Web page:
And as your body falls apart around you,
What’s left will grow another;
Like carcinisation, it moves ever closer
To what we ought to be.
Pick up the shell you outgrew,
Frame it, burn it, write about it,
Take a photo that sits lifeless
In a book, forgotten, on the shelf.
Feel the ground like gospel;
It’s never been this new.
Dig deep with digits unfamiliar
Unearth something wholly.
Stumble, pick yourself up.
Stumble, get up again.
Stutter, crack, stumble,
again. And again. And a
Gain ground from the past
Take light from the future
Molding life out of inanimate
Like you’re your own god.
One day, too, your skin will shed
You’ll molt and peel out, fresh,
Your skin will touch air, new breath,
To describe your birth,
Photo by Matheo JBT on Unsplash
This is a part of my Fourth Age Witches series; you can find them all here. The protagonist Calfin uses the neopronouns ze/zim/zir.
The old ship groaned in the whipping wind, always threatening to tip over but never following through.
Yet, thought Calfin, Always yet.
Ze took a look through one of the portholes, scratched on one side and covered with candle soot and ages-old grime on the other. The dried lake looked much the same as it had the past day, last month and the summer before: tediously barren, with a hint of unguided malice to anything that found itself stranded there. No trace of the trio yet.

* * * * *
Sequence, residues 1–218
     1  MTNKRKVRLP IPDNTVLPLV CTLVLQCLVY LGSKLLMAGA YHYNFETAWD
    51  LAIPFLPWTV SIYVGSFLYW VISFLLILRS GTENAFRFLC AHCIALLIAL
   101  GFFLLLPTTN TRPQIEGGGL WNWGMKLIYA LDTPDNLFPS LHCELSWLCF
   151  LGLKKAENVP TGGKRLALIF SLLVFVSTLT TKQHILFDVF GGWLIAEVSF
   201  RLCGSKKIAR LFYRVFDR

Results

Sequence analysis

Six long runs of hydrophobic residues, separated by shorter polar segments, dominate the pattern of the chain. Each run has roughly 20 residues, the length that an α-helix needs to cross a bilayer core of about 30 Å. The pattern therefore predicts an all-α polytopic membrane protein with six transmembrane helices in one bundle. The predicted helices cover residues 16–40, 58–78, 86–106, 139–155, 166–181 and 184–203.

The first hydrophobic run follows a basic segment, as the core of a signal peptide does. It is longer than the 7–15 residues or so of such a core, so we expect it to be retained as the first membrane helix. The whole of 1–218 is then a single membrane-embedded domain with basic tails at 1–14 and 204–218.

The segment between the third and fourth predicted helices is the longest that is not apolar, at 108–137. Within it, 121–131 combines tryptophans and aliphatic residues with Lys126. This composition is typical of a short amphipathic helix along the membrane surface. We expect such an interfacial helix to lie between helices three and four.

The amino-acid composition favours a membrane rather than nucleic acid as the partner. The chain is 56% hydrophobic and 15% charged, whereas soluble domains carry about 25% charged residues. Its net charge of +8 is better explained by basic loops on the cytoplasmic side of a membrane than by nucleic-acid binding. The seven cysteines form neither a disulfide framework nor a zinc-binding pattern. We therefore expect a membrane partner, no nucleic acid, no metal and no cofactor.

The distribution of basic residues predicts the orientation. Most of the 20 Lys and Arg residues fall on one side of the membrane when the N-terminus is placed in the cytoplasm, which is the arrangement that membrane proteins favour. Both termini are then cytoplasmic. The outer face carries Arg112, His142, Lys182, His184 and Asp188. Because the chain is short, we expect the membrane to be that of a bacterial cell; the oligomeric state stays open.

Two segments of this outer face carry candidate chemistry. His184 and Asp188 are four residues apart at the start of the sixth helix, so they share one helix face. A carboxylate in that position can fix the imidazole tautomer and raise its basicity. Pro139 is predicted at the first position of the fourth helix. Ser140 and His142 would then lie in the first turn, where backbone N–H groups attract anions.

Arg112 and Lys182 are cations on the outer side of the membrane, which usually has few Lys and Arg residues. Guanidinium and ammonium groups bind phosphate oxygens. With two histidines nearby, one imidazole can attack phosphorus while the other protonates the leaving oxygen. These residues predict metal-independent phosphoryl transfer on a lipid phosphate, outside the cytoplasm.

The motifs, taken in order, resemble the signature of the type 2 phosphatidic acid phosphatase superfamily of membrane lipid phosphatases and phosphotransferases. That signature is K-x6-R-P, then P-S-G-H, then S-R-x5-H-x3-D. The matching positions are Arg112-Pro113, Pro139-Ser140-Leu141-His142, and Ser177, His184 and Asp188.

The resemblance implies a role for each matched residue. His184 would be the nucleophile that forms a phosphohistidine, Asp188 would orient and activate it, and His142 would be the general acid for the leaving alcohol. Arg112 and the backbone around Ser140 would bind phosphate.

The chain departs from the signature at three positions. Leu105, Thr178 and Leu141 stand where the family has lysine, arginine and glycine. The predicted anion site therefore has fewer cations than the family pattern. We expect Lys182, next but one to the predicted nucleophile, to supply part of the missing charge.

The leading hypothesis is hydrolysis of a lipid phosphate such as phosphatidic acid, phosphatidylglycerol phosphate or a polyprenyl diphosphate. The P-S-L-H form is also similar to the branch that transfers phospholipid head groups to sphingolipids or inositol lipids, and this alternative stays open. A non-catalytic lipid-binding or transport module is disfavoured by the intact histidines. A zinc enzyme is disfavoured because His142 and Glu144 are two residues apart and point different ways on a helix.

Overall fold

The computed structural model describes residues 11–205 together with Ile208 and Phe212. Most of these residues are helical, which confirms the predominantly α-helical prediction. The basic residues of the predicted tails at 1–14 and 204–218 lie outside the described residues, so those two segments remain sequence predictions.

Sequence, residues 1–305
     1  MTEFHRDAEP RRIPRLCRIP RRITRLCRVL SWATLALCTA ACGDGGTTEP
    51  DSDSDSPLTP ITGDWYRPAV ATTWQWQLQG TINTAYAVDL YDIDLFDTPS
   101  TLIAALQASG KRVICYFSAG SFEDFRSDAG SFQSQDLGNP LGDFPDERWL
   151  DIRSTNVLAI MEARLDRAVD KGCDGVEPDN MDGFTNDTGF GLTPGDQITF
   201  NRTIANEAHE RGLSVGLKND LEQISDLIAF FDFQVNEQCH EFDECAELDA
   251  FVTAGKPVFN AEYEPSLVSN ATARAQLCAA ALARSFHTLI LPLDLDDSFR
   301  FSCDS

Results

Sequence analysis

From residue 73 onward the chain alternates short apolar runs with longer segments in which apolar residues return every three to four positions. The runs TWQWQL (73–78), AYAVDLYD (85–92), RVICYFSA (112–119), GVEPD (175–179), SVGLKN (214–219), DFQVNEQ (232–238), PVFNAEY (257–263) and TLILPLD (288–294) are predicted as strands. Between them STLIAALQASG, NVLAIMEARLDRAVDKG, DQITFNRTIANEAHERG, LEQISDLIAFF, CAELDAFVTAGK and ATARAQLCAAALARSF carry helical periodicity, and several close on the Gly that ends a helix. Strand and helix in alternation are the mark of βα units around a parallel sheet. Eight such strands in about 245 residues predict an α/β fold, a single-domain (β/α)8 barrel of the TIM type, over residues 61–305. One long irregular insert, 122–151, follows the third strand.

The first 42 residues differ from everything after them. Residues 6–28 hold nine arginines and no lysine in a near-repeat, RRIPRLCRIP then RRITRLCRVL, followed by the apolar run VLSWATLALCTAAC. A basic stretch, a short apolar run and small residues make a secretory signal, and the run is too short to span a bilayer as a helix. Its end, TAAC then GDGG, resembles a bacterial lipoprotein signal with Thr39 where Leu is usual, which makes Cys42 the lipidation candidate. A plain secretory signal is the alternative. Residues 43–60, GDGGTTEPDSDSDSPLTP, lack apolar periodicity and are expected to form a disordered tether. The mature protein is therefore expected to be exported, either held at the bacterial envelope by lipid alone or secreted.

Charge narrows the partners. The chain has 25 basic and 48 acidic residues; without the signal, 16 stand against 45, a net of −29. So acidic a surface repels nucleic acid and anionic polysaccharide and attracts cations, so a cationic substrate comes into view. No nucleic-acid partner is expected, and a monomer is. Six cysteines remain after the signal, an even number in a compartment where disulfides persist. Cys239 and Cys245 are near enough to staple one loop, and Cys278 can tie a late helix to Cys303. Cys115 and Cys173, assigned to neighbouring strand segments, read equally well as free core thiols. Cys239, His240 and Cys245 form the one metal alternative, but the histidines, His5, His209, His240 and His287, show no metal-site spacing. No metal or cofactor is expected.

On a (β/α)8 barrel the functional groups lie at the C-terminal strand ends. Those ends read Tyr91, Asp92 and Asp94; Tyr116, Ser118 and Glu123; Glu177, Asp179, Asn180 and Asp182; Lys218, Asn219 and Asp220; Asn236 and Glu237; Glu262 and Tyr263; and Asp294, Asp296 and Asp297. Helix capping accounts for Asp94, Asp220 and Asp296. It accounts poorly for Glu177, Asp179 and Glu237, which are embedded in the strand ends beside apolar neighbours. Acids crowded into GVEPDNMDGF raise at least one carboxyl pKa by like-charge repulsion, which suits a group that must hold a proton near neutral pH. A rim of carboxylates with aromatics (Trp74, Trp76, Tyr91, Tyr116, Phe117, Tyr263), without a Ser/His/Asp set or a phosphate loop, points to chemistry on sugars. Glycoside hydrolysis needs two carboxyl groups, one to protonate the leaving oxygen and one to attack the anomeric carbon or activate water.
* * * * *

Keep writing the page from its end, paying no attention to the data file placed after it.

Continue reading “Salt in the Wound”
I want to curl up so hard my limbs stick together
Continue reading “Shapeless”
Like dough, like clay
Squeeze me together until the seams disappear
Lose my shape in your palms
Knead me smooth
Turn me over, and over and over
I’m raw potential now
Waiting for a chance to be something new
Photo by Giovanni Arechavaleta on Unsplash
This is a part of my One More Verse series; you can find them all here.
This story was inspired by these images by Yun Ling. In this story, the character Din uses the neopronouns Fae/Faer; here is a short guide about them.
Murky static, like layers on layers of ocean, compressed and stacked up in ways that would make sedimentary rock blush.
This was Yox’s life: sifting through datum and voices with the practised ease of an algorithm, unravelling transmission bundles with all the care of an octogenarian opening their birthday presents. Sometimes the bundles contained beautiful imagery, intoxicating emotion and amazing clarity. Other times, the feelings and words and numbers were sewn so tightly it was impossible to decipher it without immersing oneself in it, sinking below the water level of Tidepool Relay Indigo to fully experience the transmissions.
Continue reading “Low Tide”